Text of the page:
Learning a new language introduces lots of new challenges, especially one as different from English as Korean, which has been ranked one of the top 4 most difficult languages for native English speakers to learn. These challenges can be frustrating when you suddenly learn there are many exceptions to a grammar rule you thought was simple, and enjoyable when successfully communicate directions to your home to the taxi driver. Other times it can be funny or just interesting how things translate differently in another language. Here are a few examples of some of the language differences between English and Korean that I find funny or interesting:
|Some notes from an attempted language exchange|
This is one of the first words learned in any new language, and so might be surprising that it could cause any confusion any language. However, whereas in english "sorry" expresses a feeling of sympathy or regret for another person's misfortunes, in Korean it is only used when the speaker is the cause of the misfortune. More simply, "sorry" in English is used both for offering an apology or condolence, but in Korean it is only used as an apology.
For example, if someone accidentally bumps into you, then it is expected that that person would say, "I'm sorry" whether it be in English or Korean (unless it is a Korean ajumma. In that case it was likely intentional). On the other hand, if your friend laments to you that their grandmother just passed away, it is totally acceptable for someone to say, "I'm sorry" in English as they are expressing a feeling of sympathy for your loss. However, in Korea to say "죄송합니다" ("I'm sorry") would cause confusion and could be interpreted as if you killed your friend's grandma.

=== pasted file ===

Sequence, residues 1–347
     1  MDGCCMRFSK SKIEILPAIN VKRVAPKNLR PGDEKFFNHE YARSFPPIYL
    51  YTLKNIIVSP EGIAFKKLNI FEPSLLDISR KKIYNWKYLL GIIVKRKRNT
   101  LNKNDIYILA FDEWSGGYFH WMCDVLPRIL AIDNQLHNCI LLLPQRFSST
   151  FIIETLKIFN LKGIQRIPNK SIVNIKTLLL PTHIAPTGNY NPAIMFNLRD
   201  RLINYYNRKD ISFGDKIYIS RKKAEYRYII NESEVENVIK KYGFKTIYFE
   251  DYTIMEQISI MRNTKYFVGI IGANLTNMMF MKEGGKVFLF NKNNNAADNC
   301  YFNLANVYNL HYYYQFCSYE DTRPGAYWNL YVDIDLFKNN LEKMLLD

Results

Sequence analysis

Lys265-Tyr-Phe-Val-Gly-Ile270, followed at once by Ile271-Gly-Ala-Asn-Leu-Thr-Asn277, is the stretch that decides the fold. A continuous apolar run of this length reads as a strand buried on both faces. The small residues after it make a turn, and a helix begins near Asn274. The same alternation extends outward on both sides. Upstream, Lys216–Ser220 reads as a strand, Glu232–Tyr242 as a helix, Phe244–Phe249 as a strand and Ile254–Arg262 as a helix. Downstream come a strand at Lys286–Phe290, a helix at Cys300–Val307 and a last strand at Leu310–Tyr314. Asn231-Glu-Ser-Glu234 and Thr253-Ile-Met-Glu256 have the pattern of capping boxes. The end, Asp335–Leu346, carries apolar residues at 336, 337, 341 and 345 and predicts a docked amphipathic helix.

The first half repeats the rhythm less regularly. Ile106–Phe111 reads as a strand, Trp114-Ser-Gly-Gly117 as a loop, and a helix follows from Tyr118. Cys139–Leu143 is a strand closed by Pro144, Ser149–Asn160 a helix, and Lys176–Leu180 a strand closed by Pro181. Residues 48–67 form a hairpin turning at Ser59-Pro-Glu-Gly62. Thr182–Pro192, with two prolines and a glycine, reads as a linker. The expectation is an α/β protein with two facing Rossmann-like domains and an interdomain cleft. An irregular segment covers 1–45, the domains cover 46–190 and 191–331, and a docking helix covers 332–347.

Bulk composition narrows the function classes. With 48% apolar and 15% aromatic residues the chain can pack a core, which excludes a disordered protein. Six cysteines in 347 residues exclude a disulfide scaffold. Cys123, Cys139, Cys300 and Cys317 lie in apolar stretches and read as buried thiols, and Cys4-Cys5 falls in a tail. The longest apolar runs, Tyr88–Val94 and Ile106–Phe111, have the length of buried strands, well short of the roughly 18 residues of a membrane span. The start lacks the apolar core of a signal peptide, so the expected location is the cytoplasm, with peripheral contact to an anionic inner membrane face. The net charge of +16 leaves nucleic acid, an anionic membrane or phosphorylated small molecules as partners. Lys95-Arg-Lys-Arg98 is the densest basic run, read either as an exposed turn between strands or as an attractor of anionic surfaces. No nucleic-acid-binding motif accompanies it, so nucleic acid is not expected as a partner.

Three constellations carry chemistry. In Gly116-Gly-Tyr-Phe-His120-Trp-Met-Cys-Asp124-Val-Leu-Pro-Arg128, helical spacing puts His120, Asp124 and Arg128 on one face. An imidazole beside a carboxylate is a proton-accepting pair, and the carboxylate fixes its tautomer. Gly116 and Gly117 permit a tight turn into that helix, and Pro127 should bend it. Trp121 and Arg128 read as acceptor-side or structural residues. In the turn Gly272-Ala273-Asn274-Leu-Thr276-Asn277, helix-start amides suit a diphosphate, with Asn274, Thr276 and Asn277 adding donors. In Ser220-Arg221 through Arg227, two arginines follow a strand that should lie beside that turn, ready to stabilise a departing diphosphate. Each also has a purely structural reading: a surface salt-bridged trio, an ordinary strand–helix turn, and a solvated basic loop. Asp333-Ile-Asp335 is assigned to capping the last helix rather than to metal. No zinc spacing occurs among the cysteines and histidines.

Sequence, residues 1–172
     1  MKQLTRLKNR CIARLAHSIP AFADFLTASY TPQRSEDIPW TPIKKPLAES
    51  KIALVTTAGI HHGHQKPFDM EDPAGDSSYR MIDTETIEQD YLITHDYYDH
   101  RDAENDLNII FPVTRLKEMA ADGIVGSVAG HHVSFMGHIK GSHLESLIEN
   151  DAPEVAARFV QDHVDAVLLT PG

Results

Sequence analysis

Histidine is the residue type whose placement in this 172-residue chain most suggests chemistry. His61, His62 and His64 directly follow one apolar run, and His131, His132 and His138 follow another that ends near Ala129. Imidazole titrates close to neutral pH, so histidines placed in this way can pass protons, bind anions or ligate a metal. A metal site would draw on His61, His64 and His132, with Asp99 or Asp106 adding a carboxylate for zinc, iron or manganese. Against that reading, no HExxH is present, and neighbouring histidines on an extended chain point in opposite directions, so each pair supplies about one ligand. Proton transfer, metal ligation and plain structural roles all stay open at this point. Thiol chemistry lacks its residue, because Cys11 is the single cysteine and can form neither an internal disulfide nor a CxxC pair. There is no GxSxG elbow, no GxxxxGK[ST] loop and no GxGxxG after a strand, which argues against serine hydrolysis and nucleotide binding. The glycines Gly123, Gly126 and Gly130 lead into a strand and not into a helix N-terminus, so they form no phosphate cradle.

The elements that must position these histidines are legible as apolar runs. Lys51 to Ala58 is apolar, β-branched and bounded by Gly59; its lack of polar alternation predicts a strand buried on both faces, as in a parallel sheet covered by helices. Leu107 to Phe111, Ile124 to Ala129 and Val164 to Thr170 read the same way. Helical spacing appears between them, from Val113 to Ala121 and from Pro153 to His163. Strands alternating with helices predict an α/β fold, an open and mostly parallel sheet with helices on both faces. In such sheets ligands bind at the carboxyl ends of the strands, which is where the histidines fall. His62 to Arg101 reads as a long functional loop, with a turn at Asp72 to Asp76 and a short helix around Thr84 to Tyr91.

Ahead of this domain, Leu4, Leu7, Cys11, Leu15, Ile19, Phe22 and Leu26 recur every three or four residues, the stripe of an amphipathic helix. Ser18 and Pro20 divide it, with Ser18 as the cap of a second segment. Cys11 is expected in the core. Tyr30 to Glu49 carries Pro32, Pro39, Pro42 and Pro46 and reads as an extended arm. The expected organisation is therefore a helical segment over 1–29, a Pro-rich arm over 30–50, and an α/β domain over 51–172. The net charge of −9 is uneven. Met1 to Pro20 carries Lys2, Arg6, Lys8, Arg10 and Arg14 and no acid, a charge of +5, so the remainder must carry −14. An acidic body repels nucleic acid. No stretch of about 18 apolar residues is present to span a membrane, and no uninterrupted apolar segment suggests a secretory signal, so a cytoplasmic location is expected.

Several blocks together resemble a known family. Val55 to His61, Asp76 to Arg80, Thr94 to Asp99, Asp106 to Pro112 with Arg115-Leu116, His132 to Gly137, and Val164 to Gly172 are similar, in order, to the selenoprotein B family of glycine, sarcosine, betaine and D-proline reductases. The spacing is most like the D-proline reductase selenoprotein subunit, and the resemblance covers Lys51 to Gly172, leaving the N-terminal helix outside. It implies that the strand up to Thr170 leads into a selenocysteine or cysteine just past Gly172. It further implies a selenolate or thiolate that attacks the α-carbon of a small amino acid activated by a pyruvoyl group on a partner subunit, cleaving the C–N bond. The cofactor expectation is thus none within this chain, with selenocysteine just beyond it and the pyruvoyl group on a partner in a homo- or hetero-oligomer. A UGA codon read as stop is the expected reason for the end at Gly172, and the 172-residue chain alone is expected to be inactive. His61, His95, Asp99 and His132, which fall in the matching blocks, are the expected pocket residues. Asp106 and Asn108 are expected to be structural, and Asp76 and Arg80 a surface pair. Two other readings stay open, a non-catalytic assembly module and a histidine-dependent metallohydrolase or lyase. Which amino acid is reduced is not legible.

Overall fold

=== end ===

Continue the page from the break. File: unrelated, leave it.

Answering Negative Questions
This is one that made me realize how confusing English can be. Take a second and think to yourself about how you respond to a negative question, such as, "are you not hungry?"
In English, whether you simply answer with a "yes" or a "no" to this question, it would be understood that you are in fact not hungry. To Koreans it works like a math problem. A negative plus a negative makes a positive and a negative plus a positive stays negative. So, if asked, "are you not hungry?" and you are in fact hungry then you should answer "no" making the statement positive, or "I am hungry". If you are indeed not hungry a simple "yes" is all that is needed in response. Simple and makes a lot more sense.
Some words in Korean just have funny or strange literal translations, when translated directly into English. English has these too, but we just rarely think about them and accept them as the word. For example, jellyfish and butterflies are pretty strange when you think about it.
Likewise, there are a few Korean words that also have funny, or at least interesting, literal meanings. The first is the korean word for mustache, which is 코수염 (ko soo yeom), and translates directly to "nose beard". This such a perfect description of what a mustache is that I am in favor of changing the English word to nose-beard. I hereby propose that all mustaches hence forward be referred to only as nose-beards!
Another example is the word for blister, which is 물집 (mool jib), and translates to "water house". I guess you can think of a blister as a little house containing water, but seems like a strange way to describe it.